Run in to these guys before? Thanks for the input; their somewhat aggressive message put me off. I've never been very competitive, so kissing a potential client's feet to win the ability to WORK has never been something I'm apt for. They can check out my resume and reel, and talk price with me like a human being, or they can find someone else.

I had a guy tell me "I [had] 2 seconds to give [him] a rate or [he] hang[s[ up and call[s] the next guy" last week. I said "have a nice day."
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Old May 5th, 2012, 01:02 AM   #5
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Re: How sketchy does this job offer look to you?

This sounds, frankly, like a waste of your time. They want you to tape a show and then sell DVDs to the cast and crew. 70 copies at $30-a-piece makes for a pretty low figure left for you as the one doing all the work. What happens if only 50 people make an order?

3 shows? With full DVD mastering and a Blu-Ray option including motion menus? Wow. From my experience I know that takes a long time and from what it seems, they're looking for a pro-level production for almost nothing. Take your chances, but my opinion as well is to keep your distance from this type of thing as you're only helping out the middleman...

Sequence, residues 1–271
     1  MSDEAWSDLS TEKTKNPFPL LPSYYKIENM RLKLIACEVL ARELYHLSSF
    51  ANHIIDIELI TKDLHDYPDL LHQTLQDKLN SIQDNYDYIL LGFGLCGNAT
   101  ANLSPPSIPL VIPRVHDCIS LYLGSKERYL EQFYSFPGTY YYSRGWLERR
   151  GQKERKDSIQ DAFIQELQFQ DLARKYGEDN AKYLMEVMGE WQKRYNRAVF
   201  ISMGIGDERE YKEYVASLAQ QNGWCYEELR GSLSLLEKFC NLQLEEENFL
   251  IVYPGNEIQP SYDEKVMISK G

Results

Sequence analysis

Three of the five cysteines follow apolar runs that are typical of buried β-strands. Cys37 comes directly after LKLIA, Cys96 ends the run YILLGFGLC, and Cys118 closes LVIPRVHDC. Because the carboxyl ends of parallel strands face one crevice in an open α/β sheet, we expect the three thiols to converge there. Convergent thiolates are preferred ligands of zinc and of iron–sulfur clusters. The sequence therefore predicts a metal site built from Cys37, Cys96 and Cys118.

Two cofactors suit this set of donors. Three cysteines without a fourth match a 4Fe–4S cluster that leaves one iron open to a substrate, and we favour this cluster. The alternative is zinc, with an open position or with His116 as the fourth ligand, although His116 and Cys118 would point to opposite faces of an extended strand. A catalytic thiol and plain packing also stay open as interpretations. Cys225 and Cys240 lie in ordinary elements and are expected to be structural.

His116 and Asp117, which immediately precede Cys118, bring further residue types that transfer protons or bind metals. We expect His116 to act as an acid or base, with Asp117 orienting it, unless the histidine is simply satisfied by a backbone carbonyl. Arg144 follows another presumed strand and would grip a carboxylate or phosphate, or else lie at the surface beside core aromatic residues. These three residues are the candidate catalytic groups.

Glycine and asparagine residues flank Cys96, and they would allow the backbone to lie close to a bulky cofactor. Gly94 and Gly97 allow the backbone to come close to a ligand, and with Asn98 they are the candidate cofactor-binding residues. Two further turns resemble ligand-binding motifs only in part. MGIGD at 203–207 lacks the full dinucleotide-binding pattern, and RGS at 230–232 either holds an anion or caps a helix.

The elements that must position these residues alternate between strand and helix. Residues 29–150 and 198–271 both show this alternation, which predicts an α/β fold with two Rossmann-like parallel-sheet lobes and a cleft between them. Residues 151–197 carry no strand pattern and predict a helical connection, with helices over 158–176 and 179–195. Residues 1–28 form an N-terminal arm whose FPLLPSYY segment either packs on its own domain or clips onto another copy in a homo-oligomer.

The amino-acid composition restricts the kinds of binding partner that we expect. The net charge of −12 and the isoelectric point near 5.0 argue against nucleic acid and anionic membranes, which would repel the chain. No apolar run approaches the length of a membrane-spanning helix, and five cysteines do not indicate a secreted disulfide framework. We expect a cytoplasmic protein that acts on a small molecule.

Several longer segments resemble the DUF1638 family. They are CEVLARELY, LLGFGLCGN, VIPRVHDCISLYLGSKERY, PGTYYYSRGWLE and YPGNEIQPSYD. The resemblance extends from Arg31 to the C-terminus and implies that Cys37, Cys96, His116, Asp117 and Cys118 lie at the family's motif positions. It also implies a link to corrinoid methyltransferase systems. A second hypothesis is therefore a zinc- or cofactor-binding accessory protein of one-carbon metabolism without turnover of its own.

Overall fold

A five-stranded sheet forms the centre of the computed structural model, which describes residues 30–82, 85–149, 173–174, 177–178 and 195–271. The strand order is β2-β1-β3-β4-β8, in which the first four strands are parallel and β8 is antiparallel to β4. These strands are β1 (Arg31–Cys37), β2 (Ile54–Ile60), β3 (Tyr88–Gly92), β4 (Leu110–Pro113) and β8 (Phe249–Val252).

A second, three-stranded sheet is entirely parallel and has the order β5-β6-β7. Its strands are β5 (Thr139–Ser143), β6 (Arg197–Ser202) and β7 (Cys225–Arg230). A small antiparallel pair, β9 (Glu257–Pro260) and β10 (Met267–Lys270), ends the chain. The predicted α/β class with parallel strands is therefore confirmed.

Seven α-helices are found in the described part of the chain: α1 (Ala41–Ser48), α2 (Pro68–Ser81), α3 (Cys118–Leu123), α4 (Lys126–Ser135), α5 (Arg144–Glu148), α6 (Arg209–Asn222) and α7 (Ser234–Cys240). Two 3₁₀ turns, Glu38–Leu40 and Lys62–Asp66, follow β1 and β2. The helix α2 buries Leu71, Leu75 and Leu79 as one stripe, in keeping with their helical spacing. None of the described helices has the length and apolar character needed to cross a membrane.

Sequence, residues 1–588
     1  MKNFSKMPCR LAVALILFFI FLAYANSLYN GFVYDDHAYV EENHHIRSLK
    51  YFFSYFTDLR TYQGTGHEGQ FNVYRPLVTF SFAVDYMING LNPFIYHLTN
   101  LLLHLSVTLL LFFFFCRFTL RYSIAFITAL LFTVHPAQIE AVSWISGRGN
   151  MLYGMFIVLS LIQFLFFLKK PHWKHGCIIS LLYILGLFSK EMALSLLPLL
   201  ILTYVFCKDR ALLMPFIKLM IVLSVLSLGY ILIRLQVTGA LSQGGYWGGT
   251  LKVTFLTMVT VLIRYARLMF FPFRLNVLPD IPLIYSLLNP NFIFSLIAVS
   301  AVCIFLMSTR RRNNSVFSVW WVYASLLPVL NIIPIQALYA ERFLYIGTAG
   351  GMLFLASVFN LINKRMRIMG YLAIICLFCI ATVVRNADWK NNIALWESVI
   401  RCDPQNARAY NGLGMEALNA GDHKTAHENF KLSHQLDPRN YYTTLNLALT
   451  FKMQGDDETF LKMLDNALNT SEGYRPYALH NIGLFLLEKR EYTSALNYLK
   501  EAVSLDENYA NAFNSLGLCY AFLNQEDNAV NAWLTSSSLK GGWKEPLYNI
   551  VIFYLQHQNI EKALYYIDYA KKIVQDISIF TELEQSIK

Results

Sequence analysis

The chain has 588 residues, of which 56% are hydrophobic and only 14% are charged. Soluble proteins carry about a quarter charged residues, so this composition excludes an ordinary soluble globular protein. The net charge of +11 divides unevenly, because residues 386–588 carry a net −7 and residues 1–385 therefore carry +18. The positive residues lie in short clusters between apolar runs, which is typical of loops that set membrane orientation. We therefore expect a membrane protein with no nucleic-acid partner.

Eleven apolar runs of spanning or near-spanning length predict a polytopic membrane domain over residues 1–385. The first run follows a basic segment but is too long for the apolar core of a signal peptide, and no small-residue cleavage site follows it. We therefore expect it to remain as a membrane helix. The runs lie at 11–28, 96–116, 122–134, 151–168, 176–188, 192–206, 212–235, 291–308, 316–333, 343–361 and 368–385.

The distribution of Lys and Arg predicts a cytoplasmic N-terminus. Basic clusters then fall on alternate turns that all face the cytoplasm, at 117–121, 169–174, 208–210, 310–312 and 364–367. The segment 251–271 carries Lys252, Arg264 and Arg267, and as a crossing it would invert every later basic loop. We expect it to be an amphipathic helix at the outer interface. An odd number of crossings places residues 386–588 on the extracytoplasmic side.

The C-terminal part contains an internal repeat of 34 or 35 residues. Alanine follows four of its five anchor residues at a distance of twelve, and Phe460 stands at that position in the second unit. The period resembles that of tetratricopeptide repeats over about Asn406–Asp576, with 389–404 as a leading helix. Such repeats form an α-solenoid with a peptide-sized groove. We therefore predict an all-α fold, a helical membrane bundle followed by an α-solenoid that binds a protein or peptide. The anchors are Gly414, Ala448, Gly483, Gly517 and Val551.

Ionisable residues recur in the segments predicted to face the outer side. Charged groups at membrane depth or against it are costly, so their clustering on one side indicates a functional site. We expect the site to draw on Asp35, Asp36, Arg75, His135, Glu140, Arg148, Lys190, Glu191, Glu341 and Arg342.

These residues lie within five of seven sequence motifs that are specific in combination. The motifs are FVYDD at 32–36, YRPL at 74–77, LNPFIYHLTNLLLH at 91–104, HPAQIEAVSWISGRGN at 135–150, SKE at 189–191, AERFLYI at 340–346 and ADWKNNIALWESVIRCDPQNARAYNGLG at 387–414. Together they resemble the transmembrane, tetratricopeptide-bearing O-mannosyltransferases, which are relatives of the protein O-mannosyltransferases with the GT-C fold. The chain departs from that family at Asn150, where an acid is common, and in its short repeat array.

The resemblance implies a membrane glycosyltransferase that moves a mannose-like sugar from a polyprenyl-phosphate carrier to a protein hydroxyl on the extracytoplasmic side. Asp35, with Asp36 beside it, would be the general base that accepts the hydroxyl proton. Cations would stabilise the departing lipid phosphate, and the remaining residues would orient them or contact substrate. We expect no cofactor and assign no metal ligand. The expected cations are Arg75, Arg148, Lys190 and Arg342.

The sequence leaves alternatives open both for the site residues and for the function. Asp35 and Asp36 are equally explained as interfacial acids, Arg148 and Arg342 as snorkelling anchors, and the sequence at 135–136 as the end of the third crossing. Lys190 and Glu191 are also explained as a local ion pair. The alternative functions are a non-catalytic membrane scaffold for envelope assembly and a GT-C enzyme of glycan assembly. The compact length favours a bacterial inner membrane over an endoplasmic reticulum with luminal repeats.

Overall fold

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Old May 5th, 2012, 02:33 AM   #6
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Re: How sketchy does this job offer look to you?

I agree with the rest!!

70 DVD's and a smattering of BD's for two days exhausting work seems a bit of a low return on your efforts. I now and again do dance recitals without any charge for the actual shoot and that's a 4 hour gig..my last one gave me close to 200 DVD orders at $30 each ..which of course all came to me so it was a worthwhile venture... IF these guys did in fact give you $30 a DVD they must be charging a LOT more for the final DVD/BD that the client gets....that's quite likely going to put it out of reach of people who would have bought one but didn't as the extra cost for the middleman made it too expensive!!